The program for the third edition of Monaco Ocean Week has been unveiled and its set to be an intensive seven days, with everything from the future of yachting to biomimicry on the agenda.
From 24th to 30th March, the Principality of Monaco will once again be putting key ocean issues in the spotlight.
The Prince Albert II of Monaco Foundation, together with the Monaco Government, the Monaco Scientific Centre, the Oceanographic Institute and the Monaco Yacht Club have all reaffirmed their commitment to take action against threats to the environment, especially the ocean.
Monaco Ocean Week allows stakeholders to share their analysis of major issues related to the preservation of the marine environment and to enable them to find concrete solutions.
‘The future of our shared heritage’ will be the subject of the third edition, which is bringing together scientists, experts, NGOs and representatives of civil society to discuss the key issue of ocean protection. On the agenda are topics addressing innovation, research and developing a blue economy. The possibilities offered by biomimicry, the opportunities created by bioplastics, rethinking yachting of the future, pooling initiatives to curb and tackle plastic pollution more effectively, and developing a sustainable ocean economy are among the themes that will be tackled during a variety of workshops and talks being held throughout the week.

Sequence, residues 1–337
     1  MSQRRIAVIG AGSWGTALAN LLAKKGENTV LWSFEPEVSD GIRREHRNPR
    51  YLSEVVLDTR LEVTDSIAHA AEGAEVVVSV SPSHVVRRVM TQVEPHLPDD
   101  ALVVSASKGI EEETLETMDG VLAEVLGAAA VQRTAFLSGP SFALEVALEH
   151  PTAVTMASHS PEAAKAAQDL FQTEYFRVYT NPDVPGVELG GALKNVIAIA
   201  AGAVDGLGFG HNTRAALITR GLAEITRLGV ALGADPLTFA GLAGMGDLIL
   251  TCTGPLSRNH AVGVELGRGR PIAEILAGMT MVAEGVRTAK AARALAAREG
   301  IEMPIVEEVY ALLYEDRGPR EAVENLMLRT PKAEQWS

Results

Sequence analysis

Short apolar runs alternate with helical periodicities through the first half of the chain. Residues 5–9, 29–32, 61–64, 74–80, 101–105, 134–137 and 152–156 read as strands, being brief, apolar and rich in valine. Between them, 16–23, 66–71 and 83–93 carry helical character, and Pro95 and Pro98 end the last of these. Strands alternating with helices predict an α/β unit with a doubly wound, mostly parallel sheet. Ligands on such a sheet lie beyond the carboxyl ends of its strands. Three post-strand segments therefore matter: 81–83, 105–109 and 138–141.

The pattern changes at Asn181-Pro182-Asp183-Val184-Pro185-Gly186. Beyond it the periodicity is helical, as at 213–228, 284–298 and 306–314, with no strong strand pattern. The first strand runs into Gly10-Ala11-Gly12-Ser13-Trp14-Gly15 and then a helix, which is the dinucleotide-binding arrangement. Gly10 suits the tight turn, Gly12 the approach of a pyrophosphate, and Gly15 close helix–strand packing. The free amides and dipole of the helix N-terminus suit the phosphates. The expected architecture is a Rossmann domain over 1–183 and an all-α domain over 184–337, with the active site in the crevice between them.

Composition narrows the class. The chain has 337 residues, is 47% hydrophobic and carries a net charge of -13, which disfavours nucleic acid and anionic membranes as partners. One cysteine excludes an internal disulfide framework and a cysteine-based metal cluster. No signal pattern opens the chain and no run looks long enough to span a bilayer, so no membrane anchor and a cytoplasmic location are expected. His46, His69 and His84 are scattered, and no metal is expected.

Opening Monaco Ocean Week is the 10th edition of the Monaco Blue Initiative, whose objective is the development of Marine Protected Areas (MPAs) by increasing their effectiveness and extent. These sanctuaries appear to be one of the most appropriate solutions for protecting marine ecosystems from human activities, yet still only represent 7.44% of the surface of the world’s oceans.
Among the questions being debated this year are: in the context of conservation and exploitation, how can we ensure the effective protection of the marine environment beyond the Aichi targets, how does a coherent network of MPAs contribute to the protection of migratory species, and what economic value should be attached to MPAs?
The Principality of Monaco’s commitment to marine ecosystem conservation is deeply rooted in its history with the inauguration of the Institute of Oceanography by Prince Albert I of Monaco in 1911, and more recently, with the creation of Prince Albert II of Monaco Foundation in 2006.